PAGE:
Pinto Martins Airport in Fortaleza, Brazil: From January 2008 on, an airplane wreck was parked there, on a remote location. It was the former Lufthansa "Landshut". After its
seats and cabin facilities had been removed, it was used as a cargo aircraft for many years by various Brazilian airlines, most recently by TAF Linhas Aeras (Reg.: PT-MTB) before being
Until 2017. In that year, the plane was transported back to Germany on board of Antonov-124, in a complex mission carried out by Volga-Dnepr. It is a plane with a tragic history and high symbolic value. The aim is to exhibit the "Landshut" in a museum and make it accessible to visitors. The overarching theme is the "German Autumn", a time when left-wing terrorists declared war on the state.
The "Landshut", or what was left of it, would have ended up on a Brazilian scrap heap if supporters of the then German Federal Minister of Economics, Sigmar Gabriel, and the former Lufthansa flight attendant, Gabriele von Lutzau, formerly Gabriele Dillmann, had not "brought the B737-200 home" from Fortaleza in northeast Brazil. This happened in 2017, exactly 40 years after its abduction by Palestinian terrorists.
The drama unfolds
Release terrorists and pay a ransom of 5 million Deutsch Marks (2.5 million euros) to the kidnappers or stand firm against them. This was the decision the then German government under Chancellor Helmut Schmidt (Social Democrat) was faced with in October 1977. Its antagonists were four members of a Palestinian commando: 2 male / 2 female. The quartet had taken control of the "Landshut" during a scheduled flight from Frankfurt to Palma de Mallorca. With their action, the kidnappers wanted to collect ransom money, but above all, force the release of their comrades being held in German and Israeli prisons for politically motivated murders and attacks.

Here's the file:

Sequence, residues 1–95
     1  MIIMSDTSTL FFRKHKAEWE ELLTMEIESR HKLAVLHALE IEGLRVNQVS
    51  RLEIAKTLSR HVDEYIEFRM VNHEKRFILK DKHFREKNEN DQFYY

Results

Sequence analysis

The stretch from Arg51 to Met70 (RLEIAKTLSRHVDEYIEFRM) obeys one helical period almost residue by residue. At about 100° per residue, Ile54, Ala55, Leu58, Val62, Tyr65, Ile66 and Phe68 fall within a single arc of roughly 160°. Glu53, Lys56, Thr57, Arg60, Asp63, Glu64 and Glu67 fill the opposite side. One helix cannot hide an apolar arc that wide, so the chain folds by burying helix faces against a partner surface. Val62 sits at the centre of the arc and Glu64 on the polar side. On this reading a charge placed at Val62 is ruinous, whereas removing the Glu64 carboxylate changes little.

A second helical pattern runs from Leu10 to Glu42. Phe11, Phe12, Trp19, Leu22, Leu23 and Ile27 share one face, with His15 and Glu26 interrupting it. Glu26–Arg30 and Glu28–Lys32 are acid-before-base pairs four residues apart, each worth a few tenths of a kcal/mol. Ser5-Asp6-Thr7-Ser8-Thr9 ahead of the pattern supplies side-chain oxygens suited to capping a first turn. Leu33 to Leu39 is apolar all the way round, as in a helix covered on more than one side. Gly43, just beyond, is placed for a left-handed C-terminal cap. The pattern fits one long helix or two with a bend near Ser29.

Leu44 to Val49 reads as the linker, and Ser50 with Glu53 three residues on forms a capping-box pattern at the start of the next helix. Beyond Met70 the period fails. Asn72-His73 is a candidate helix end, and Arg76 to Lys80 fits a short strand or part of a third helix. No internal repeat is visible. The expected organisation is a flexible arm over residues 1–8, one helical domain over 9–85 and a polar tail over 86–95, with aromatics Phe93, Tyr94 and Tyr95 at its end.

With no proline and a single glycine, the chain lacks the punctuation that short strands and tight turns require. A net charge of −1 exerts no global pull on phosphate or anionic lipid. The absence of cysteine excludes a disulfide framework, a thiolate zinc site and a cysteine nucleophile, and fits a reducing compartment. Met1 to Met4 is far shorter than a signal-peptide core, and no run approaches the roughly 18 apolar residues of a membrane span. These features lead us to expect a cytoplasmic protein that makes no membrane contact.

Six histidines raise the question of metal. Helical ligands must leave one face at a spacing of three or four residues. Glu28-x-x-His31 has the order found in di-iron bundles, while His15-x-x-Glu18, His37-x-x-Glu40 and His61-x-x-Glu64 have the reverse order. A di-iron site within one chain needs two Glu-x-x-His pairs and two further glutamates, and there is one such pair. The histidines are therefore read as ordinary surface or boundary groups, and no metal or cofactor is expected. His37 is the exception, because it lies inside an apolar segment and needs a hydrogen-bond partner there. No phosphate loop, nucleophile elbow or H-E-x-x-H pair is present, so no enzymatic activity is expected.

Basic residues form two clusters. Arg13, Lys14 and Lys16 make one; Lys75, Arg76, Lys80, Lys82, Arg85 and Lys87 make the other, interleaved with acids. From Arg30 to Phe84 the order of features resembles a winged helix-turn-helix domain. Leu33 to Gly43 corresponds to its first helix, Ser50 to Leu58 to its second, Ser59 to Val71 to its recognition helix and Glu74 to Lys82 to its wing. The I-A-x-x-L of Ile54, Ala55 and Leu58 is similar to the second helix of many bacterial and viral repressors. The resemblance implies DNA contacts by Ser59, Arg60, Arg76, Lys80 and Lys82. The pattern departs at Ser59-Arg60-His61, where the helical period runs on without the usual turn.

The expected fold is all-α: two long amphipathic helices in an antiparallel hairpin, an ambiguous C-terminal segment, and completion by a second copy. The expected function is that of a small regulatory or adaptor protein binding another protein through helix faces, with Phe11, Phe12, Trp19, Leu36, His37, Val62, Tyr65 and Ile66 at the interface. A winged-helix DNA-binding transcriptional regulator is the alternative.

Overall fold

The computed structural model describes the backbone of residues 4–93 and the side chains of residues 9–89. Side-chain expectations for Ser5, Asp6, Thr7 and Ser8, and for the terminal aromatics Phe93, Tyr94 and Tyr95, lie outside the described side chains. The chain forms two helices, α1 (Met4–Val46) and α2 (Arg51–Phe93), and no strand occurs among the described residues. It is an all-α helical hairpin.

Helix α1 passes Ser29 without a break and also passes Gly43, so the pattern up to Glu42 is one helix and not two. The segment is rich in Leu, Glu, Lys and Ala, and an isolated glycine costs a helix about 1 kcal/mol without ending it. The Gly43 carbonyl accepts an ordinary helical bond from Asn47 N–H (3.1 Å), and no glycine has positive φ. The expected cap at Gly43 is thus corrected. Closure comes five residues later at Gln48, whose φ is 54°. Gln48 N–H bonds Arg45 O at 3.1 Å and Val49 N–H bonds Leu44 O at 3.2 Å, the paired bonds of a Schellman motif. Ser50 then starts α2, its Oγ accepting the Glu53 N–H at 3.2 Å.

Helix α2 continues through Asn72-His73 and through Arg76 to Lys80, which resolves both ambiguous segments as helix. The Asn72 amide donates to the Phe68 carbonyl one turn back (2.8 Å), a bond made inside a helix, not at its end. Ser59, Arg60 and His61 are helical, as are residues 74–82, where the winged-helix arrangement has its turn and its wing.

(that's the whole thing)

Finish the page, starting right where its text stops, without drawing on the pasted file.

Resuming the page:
First Officer Ruedeger von Lutzau, a highly rational but also very emotional man, still has tears in his eyes today when he talks about the dramatic days and hours between 13 and 18 October 1977 - now almost 43 years ago. It was a matter of life or death for the 86 passengers and 5 crew members on board the "Landshut", a Boeing 737-200 belonging to the Lufthansa fleet. Among the kidnapped crew members was his then girlfriend and flight attendand, Gabriele Dillmann. "I was off duty on 13 October and almost by chance heard that the plane had been hijacked. However, when the operations management told me that my then girlfriend was one of the cabin crew members on flight LH 180, my adrenaline level immediately shot up to an unprecedented height," he recalls the state of his nerves at that time.
Dubai – Aden – Mogadishu
Having followed an erratic zigzag course, the "Landshut" had meanwhile landed in Dubai, where local security forces openly practiced storming the plane on the apron, clearly visible to the terrorist command on board the "Landshut". "Stop immediately, otherwise the result will be a bloodbath," was the German government's dispatch to the airport and those responsible in the UAE. However, the UAE authorities ordered them to retreat only after hefty diplomatic interventions by German officials who had arrived in Dubai meanwhile.